The state pension operator is considering extending the subscription period by about five years to narrow the gap years before payouts and to improve the fund's finances, multiple sources said Friday.
The government is scheduled to announce the results of its latest review and long-term sustainable operation of the pension plan at a public hearing Aug. 17.
According to the sources at the Ministry of Health and Welfare, the National Pension Service and the parliamentary committee on welfare, the proposal would include extending the subscription period to age 65 from the current 60.
South Korea's pension plan is available for local residents aged 18-60. The country's legal retirement age is 60.
The payout year, initially set at 60, was pushed back in phases in a revision enacted in 2013 for a one-year delay every five years. For instance, people who were born in 1952 or before would receive their pension at the age of 60, but those born in 1969 or after would get their pension from the age of 65.
For the latter group, subscribers would have to wait five years before receiving pension money, a gap, referred to as the crevasse, which is too long for the large population of retirees who have no income during the period.
A number of countries set the payout age lower than the maximum subscription age to prevent such a crevasse. The payout age in Germany, Sweden and Canada is 65, but the top subscription age is between 65 and 70. The United States has no maximum subscription age but put the payout age at 66.
Backing the argument for a longer subscription period is the improvement of the pension fund's financial soundness. According to the latest review, the pension service could run out of money by 2056 or 2057 if its current system is maintained, three to four years faster than previously assessed.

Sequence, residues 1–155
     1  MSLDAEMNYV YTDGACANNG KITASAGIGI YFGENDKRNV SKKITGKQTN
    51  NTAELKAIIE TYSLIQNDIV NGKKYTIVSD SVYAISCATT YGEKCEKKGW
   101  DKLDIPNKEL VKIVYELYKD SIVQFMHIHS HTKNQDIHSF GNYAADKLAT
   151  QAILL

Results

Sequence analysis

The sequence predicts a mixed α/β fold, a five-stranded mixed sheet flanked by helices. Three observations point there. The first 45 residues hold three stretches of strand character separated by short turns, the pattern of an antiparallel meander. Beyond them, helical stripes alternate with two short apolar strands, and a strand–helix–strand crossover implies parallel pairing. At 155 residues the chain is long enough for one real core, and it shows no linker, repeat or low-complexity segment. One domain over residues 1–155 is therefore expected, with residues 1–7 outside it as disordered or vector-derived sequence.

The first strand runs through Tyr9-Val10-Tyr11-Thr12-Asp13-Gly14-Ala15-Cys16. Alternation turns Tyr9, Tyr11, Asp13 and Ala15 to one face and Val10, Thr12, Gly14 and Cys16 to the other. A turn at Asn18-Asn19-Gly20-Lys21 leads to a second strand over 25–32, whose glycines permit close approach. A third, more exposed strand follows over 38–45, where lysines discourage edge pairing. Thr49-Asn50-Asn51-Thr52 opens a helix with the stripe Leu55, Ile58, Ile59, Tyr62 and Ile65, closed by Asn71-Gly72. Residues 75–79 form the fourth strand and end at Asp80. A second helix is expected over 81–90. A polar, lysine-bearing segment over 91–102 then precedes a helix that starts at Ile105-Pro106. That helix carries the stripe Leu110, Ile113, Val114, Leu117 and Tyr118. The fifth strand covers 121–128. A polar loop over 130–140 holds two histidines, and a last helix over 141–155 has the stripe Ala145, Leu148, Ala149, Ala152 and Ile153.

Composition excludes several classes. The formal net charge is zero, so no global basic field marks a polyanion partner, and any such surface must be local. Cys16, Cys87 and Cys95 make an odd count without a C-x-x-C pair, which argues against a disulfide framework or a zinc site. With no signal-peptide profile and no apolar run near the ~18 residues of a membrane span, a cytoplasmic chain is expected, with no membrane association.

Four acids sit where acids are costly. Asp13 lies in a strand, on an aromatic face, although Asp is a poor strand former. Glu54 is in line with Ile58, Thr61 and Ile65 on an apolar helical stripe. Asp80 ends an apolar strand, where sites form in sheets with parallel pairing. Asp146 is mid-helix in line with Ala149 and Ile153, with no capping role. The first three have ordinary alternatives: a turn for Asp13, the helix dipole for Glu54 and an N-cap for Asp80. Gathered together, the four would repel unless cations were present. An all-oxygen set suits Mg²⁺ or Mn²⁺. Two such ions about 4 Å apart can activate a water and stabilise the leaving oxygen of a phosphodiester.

The pension's income replacement ratio was set at 70 percent when the plan was first introduced in 1988, but the target was lowered to 60 percent in 1998 and again to 45 percent in 2018. The number is expected to drop to 40 percent in 2028.
Recommendations for longer subscriptions have been made since 2015. That year Woo Hae-bong, a researcher with the Korea Institute for Health and Social Affairs, recommended adding five more years to help raise the sum of payouts. A similar argument was put forth by the Public Pension for All civic group in September of the same year.
Lee Yong-ha, the head of the National Pension Research Institute that oversaw the recent review, made similar proposals back in September 2016.
Such calls also fall in line with the reality of youths finding jobs much later in life than before, advocates of the subscription extension say. Such youths should be able to subscribe for longer to receive a better payout later, they say.
The new proposal, however, would have to take into account private subscribers who do not have employers to share the monthly payments, sources said. One option would be to extend the subscription for the working population first, they said. (Yonhap)